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Ombudsman Svetina: "Rash solutions could threaten the right to clean drinking water!"

Water is essential for our survival, and therefore the way we define and ensure access to it is of vital importance. As it is clear that the quantity of drinking water is limited in every part of the world, water has become an important economic good. In addition, the idea of water becoming a tradable good instead of a public one is increasingly gaining momentum.

Water is all the more important in that clean drinking water is a human right. The key foundation for the development of this right was provided by the Resolution of the UN General Assembly on the human right to water and sanitation adopted in 2010. However, merely adopting a resolution does not guarantee access to water for all. This requires the further adoption and active implementation of appropriate legislation by individual countries.

Slovenia enshrined the right to drinking water in its constitution in 2016 by introducing Article 70a, thus expressly recognising the human right to drinking water. Prior to that, the aforementioned right could be derived from the constitutional rights to life, dignity and healthy living environment and from certain international treaties which directly apply in Slovenia, such as the International Covenant on Economic, Social and Cultural Rights.

"We expected that amending the constitution would only provide the foundation for the more consistent implementation of the human right to clean drinking water and encourage the competent authorities to introduce the necessary legislative changes. Unfortunately, the declaratory entry in the constitution as the highest legal act has not achieved the desired effect in raising awareness about the importance of drinking water and the necessary amendments to legislation and implementing regulations. We cannot be satisfied with the mere inclusion of the right to drinking water in the constitution, as it is urgent to immediately adopt all the necessary legislation with the aim of protecting this right, although the deadline for such adoption already expired in May 2018 and the Ombudsman has warned the competent authorities of this many times," reiterates Ombudsman Svetina.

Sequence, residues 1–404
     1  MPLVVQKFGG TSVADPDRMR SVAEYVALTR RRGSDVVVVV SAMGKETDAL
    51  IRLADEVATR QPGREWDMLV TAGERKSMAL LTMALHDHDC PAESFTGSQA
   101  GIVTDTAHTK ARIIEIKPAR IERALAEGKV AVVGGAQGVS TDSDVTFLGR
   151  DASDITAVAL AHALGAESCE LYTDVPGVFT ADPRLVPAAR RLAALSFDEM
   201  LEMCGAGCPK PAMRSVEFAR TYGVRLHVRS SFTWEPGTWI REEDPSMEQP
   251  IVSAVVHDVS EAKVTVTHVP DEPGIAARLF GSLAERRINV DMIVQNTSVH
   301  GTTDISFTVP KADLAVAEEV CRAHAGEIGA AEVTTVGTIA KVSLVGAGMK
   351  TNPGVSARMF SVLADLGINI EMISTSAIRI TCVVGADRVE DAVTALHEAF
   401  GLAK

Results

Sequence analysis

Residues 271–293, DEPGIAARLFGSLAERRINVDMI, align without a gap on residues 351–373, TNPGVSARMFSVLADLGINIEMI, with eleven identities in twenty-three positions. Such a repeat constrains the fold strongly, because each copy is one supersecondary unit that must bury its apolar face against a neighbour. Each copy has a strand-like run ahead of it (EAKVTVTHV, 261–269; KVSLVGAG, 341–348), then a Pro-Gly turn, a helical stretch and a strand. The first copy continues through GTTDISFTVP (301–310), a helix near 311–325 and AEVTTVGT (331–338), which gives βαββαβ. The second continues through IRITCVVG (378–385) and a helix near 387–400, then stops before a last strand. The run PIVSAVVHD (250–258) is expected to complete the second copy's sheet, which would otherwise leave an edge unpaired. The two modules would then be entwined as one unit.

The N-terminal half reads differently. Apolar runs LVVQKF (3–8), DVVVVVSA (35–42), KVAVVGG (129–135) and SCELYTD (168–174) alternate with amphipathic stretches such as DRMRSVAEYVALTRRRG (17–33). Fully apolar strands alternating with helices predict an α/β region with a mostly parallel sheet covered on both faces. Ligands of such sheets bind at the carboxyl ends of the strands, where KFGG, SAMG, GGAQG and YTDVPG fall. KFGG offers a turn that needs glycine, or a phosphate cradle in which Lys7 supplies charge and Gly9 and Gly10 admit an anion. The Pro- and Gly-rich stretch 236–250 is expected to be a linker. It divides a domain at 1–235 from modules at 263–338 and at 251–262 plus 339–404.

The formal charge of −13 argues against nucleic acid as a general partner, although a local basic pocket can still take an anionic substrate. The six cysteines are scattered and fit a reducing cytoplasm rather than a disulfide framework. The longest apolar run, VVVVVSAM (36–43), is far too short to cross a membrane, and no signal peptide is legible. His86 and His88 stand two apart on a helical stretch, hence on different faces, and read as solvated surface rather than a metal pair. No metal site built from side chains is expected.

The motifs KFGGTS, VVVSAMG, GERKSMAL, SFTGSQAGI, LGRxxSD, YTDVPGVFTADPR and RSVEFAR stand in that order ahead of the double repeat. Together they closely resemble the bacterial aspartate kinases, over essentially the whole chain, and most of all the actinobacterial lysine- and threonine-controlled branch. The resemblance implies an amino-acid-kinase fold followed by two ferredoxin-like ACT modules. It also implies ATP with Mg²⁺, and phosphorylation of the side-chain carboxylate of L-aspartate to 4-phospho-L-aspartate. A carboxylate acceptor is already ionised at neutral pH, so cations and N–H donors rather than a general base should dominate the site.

Slovenia is among the richest countries in Europe in terms of the abundance of water sources, which requires particularly sound water management. We are all committed to preserving clean and safe drinking water; however, the ultimate responsibility to conserve water sources rests with policy and decision makers. "Amendments to the Waters Act and other environmental legislation must be adopted deliberately, in a sustainably oriented manner, taking into account expert opinions and in dialog with all stakeholders. Any rash solutions could quickly lead us in the opposite direction and threaten our drinking water supply, thus causing us to move away from the recognised human right to clean drinking water," Ombudsman Peter Svetina warns the competent authorities.

Ultimately, we are also bound to cautious treatment of water by the Agenda 2030 (Transforming our world: the 2030 Agenda for Sustainable Development), which is binding for all 193 UN member states. Member states unanimously adopted the Agenda 2030 and expressed their commitment to taking action against water shortage and pollution and to improving water quality by 2030 through the reduction of pollution.

"This is about people, their rights and their lives. The constitution and international Acts require decision makers to act responsibly. Let today's World Water Day be a reminder to all competent authorities that water is our most valuable good, which requires us to adopt the most responsible solutions possible to protect water sources and contribute to the quality of drinking water. Water is not to be taken for granted, as it is not available in unlimited quantities, and the human right to clean drinking water could very quickly come under threat," Ombudsman Peter Svetina recalls on the occasion of World Water Day.

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